Friday, February 24, 2006

Æ29, Tyre in Phoenicia, Valerian, Lindgren & Kovacs 2395... 

(this coin)

IMP C P LIC VALE[RIANVS AVG], Laureate draped bust right | COL T_VR [O ...], Two athletes standing facing each other, holding between them a tray with two prize urns.

It's rare, it's pedigreed, but it's not even a little bit pretty. Still, I didn't hesitate to buy it (and thought the price was quite reasonable) and I'd do so again, knowing what I do.

I take great satisfaction in acquiring more coins from Tyre, or any city that's well-represented in my collection.

In unrelated news, my wonky cable modem is now replaced, and life should be easier. I think I'll continue not posting on weekends, though.

Update: corrected emperor in post title, it's Valerian, not Gallienus.

Thursday, February 23, 2006

Billon antoninianus, Gallienus, Antioch, Göbl 1640a 

GALLIENVS AVG, Radiate draped cuirassed bust right | FORTVNA REDVX, Fortuna standing left, holding caduceus with right hand and cornucopia with left. VIIC· in exergue.

A breakthrough, if a tiny one, for me. Göbl lists two busts for the VIIC· coins (minted in the first half of 266), marked to note Gallienus consul for the seventh time: "Ph2" (draped bust seen from behind) and "Cv2" (cuirassed bust).

Long story short, it took me a long time to conclude that this is a typo, that instead of Ph2 it should say PCh2 (draped cuirassed bust seen from behind). Only the least trace of a cuirass is visible, and I'm no longer stuck believing that I must, in thus case, be wrong.

Wednesday, February 22, 2006

AR denarius, anonymous, Roman Republic, 179-170 BCE, Crawford 156/1 

Head of Roma right, X behind | Luna in biga right, holding reins (no goad), crescent moon above head. Prawn below horses, ROMA in linear frame in exergue.

As much as I like coins of the Republic, and as often as I muse on having known then what I know now, I certainly realize that they've been actively collected for so long and with such vigor that building a notable collection means bidding against some very wealthy collectors. I'm in a much smaller pond with the Gallienus stuff, even if the final result is less spectacular and inspiring.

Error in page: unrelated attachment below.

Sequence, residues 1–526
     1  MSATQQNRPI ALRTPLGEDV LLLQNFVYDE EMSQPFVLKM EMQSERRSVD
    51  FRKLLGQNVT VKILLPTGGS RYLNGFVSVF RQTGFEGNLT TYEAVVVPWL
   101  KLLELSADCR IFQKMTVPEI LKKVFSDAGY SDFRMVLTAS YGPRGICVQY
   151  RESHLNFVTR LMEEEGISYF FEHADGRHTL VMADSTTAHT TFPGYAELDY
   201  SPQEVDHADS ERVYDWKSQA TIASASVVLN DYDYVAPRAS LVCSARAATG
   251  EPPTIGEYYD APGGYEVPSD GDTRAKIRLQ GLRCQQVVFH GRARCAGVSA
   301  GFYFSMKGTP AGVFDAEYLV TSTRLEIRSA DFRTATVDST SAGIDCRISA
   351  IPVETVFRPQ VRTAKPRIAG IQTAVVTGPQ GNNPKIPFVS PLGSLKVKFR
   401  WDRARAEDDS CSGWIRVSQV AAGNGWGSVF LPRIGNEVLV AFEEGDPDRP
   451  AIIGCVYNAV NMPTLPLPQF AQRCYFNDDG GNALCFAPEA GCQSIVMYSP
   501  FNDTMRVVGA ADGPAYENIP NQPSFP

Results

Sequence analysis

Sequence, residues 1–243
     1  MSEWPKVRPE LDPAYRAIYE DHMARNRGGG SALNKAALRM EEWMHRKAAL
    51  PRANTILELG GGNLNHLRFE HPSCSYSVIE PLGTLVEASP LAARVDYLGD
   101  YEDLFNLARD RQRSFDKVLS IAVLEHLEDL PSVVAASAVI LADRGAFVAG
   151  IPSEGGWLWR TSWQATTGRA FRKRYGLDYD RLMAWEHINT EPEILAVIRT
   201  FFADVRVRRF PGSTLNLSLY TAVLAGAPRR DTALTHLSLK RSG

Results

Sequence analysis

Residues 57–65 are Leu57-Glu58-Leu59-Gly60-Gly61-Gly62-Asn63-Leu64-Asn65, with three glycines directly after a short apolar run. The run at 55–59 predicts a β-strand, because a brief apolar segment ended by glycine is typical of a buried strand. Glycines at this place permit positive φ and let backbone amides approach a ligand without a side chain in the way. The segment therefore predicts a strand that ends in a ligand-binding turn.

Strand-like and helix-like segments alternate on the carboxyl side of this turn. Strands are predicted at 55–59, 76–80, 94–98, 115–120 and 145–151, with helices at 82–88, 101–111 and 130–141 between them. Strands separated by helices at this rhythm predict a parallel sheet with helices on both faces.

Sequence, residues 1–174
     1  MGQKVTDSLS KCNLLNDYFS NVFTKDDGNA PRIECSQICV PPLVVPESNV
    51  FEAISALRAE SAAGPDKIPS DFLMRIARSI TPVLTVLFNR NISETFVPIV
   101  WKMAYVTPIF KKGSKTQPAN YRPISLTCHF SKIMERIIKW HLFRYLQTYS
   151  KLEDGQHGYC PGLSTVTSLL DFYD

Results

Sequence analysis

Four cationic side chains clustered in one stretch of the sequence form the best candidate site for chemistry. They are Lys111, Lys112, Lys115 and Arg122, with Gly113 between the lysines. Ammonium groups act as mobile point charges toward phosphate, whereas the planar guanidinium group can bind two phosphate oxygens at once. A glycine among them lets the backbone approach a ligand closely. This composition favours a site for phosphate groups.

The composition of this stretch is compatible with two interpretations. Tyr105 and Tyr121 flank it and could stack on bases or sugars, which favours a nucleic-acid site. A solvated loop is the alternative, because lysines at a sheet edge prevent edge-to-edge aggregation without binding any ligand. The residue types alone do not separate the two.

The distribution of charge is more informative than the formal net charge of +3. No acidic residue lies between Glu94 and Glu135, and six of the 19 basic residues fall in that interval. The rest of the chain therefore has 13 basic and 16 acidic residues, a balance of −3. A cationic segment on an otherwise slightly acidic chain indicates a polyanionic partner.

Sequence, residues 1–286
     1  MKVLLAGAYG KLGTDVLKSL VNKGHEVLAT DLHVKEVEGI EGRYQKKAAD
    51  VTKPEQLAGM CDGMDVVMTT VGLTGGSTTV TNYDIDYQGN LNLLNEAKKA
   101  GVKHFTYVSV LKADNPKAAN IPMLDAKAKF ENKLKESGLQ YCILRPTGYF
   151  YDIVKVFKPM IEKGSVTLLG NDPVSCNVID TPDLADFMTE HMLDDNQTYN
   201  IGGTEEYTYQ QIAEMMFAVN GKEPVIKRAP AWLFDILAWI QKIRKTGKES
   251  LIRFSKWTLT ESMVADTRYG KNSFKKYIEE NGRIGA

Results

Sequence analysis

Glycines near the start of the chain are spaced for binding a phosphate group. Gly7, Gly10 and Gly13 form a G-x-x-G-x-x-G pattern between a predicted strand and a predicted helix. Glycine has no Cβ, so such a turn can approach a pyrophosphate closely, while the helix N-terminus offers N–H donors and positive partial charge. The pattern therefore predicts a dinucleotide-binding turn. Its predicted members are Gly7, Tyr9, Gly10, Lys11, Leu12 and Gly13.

Tuesday, February 21, 2006

Æ30, Side in Pamphylia, Gallienus, SNG Copenhagen 425var 

obscure, Laureate draped bust right, I in right field | CIΔHTΩ_N N_EΩKOPΩN, Athena standing left, with shield left and spear right, pomegranate in right field.

Sometimes they really are worn-out, looking, eh? Lying in the ground for over 1700 years does no one any good.

Monday, February 20, 2006

Billon antoninianus, Gallienus, Rome, Göbl 120k 

IMP GALLIENVS P F AVG GERM, Radiate cuirassed bust right | VIRTVS AVG, Mars advancing right holding spear n right hand and trophy over left shoulder.

As was often true of the Emperors, the coinage of this reign began with long lgends, detailing the name and titles of the Emperor, albeit abbreviated, and ended greatly shortened. For a time, though, Gallienus added a boast of his victories over Germanic tribes.

Göbl dates these GERM (germanicvs)  coins to August - December 256, followed by a G M (germanicvs maximvs)  series he dates to January - August 257. I presume the series (and use of the title) ended with the revolt of Ingenuus and the death of Valerian II.

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